Thursday, 1 November 2012

London Screenwriters' Festival 2012

Oh my DEARS!

I was looking forward to this very much. I can remember going the first year, feeling quite scared but this year bounded in, business cards at the ready, keen to meet people, start up convos with total strangers and even catch sight of my co-writer Scott, which I did incidentally.

The opening speech by Chris was a rousing call to arms. How does he do it? Clearly the man never sleeps. He also unveiled the exquisite horror of the 'elevator pitch'in which - le gasp! - REAL executives would travel up and down in the lift (as we say here in Blighty) whilst nervous writers would give them their spiel and hopefully emerge with a business card after sixty seconds! I heard lots of people went up for this.

Talking of pitching, I pitched and hats-off to the strict Clarkson Twins (Michael and Paul) for keeping the room moving. It was noisy and the bells nearly deafened us but it certainly got the adrenaline going. It was grand to see friends and even make a couple of new ones in the queues. I pitched to an agent and five producers and got more yesses than nos, which is always good.

The woman of the match for me was Pilar Alessandra, who with grace and efficiency got down to the nitty-gritty of dialogue and how to navigate it to your csript's advantage. Inspirational, I thought. I high-tailed it to the book sale going on at Heringham Hall to pick up a DVD of On The Page, but alas, they were sold out.

I saw David Yates speak about his career, especially about shooting three Harry Potters back-to-back. Interestingly, he said he was shooting new scripts written by women based on true stories that really made him care. In fact 'why should we care?' was very much a theme of the whole festival. Why should an audience care about your characters?

Julie Gray of Just Effin' Entertain Me carried on with this theme of the emotions as we were invited to exchange our own experiences in order to empathise with our characters. Despite struggling with technical issues, Julie was an exemplar of calm and good humour.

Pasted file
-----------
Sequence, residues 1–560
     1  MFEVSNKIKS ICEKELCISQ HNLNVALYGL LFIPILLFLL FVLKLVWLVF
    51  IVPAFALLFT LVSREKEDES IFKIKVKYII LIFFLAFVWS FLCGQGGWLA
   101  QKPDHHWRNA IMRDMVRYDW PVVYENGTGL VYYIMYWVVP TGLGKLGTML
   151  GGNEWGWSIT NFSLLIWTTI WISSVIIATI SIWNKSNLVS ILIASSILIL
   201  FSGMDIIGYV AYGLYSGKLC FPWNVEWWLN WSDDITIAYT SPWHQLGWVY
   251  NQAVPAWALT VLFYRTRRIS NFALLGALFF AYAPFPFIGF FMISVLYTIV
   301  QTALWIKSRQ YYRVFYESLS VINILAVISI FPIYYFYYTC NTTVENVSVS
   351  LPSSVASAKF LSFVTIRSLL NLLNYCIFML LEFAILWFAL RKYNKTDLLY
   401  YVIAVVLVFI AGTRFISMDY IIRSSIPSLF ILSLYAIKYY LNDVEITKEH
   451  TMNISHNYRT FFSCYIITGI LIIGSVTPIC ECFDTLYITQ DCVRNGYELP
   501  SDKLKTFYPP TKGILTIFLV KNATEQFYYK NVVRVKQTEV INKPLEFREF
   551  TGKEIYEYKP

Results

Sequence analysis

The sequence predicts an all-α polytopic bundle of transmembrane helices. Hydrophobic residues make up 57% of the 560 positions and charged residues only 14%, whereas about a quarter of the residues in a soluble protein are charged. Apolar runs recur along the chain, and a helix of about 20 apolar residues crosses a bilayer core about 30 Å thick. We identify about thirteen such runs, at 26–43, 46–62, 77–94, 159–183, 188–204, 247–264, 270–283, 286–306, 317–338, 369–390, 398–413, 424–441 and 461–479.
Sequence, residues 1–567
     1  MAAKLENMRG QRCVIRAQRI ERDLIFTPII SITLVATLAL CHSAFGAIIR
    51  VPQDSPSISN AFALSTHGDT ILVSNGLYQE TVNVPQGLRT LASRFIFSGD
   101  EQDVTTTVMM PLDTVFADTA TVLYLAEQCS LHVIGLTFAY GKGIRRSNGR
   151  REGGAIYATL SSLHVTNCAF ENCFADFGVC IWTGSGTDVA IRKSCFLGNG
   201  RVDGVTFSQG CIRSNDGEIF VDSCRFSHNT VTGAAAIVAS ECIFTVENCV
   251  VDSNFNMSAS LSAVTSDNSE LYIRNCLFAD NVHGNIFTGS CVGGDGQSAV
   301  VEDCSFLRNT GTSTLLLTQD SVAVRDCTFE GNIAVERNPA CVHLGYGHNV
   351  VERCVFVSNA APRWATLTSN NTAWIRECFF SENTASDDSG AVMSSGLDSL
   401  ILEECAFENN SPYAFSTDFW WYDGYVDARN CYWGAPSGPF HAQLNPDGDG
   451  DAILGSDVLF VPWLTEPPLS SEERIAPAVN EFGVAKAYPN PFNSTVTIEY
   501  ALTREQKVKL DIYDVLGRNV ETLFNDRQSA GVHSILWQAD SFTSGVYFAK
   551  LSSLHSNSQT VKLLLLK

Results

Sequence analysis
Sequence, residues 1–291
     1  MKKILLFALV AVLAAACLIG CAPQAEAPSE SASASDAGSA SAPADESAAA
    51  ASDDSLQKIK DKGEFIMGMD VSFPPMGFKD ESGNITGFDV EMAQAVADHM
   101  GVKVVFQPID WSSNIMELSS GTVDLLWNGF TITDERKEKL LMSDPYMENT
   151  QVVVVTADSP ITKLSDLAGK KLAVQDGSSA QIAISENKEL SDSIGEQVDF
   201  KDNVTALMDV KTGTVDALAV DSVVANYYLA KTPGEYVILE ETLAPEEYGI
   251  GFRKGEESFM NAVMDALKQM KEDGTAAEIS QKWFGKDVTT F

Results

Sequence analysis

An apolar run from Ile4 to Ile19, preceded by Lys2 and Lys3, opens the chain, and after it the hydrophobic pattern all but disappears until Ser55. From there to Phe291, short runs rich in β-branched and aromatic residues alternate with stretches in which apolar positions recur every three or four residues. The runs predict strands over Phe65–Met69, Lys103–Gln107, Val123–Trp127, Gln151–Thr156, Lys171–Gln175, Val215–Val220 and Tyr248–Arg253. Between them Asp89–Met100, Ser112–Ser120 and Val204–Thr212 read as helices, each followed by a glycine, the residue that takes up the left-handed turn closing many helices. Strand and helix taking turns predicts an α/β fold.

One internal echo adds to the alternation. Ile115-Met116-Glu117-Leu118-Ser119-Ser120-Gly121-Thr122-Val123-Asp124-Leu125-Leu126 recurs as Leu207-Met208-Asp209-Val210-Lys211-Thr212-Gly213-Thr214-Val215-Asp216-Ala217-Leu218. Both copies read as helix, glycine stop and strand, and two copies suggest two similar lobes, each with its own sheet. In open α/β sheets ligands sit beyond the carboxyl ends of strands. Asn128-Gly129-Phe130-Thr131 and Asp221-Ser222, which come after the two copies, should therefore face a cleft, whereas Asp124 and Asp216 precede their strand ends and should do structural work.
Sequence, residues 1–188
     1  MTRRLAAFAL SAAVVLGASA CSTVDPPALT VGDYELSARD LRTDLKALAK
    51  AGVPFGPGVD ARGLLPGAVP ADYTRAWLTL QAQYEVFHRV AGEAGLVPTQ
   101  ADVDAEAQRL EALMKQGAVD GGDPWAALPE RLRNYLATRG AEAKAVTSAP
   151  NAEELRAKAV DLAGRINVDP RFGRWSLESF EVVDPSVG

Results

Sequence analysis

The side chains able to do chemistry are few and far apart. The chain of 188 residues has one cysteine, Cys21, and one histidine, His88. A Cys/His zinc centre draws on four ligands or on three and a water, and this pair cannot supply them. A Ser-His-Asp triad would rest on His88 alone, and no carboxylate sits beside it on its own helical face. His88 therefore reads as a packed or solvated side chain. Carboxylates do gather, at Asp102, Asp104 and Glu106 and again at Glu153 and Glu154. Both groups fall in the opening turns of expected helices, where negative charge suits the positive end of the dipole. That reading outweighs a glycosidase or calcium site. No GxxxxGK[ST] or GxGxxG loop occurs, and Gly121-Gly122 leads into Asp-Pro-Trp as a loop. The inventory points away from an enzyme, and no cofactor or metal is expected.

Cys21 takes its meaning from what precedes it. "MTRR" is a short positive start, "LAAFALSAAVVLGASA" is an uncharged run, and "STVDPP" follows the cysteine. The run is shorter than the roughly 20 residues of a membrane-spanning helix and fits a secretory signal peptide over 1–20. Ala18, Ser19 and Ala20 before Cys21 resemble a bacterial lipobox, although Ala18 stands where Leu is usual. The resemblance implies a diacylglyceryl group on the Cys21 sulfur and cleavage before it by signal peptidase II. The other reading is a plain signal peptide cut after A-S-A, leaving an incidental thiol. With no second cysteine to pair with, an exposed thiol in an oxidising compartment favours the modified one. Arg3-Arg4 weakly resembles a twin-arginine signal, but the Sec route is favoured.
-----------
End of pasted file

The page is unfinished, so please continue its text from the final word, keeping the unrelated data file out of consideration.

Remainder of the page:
I saw The Red Dwarf Redux session and excitedly texted my daughter 'OMG, I'm in a room with Kryten!' whereupon she replied 'Just don't ask him to stir your tea with his groinal attachment.' Not the first time she's upstaged me. Robert Llewellyn and Doug Naylor were funny with a wealth of good stories about the impossibility of raising funds for a Red Dwarf film (including a would-be backer who sent them a bank statement with figures tippexed out and zeros added by hand) and all the other projects they have going on.

Luke Ryan's session was well-attended and he was very generous and funny with how he got started and who to approach in Hollywood. Tip: Always be polite to the assistants, they want to be producers. Which is a good rule anyway! As has been tweeted before the pitch should be concise, include a logline and be sure who your audience is. Pitching is good practice in starting a relationsghip with producers. Are you an easy person to work with? Lots of food for thought.

I also went to see Tony Lee and his session on Writing Comics for Fun and Profit. I would love to turn Penny Dreadful into a Graphic Novel and Tony's excellent session demystified the process, with lots of audience participation. I also caught up wit the lovely Danny Stack (who himself chaired another panel I saw) about writing what you know. Fascinating stuff, though I came away feeling that what you know can only be a starting point to let the imagination fly, though I suspect that like most writers, i'm always gleaning material. All writers are thieves and liars!

I took along the first (rewritten) ten pages of my dystopian thriller Agnes Cast (shortlisted for this year's Euroscript screen story prize, lest we forget. And by we, I mean you). Matt Tromans asked me serious questions about all aspects of the script and we ran over time. I cannot recommend these Euroscript sessions too highly and I'll be booking another one for next year.

After two days, I was shattered and sorry not to see Helen Bang, Yvonne Grace and of course, our own, our very own Lucy Vee. But I did catch up with Lara Greenway, Michelle Goode and the lovely Dom Carver. Memo to self: take Pro-Plus next year to see me through three days.

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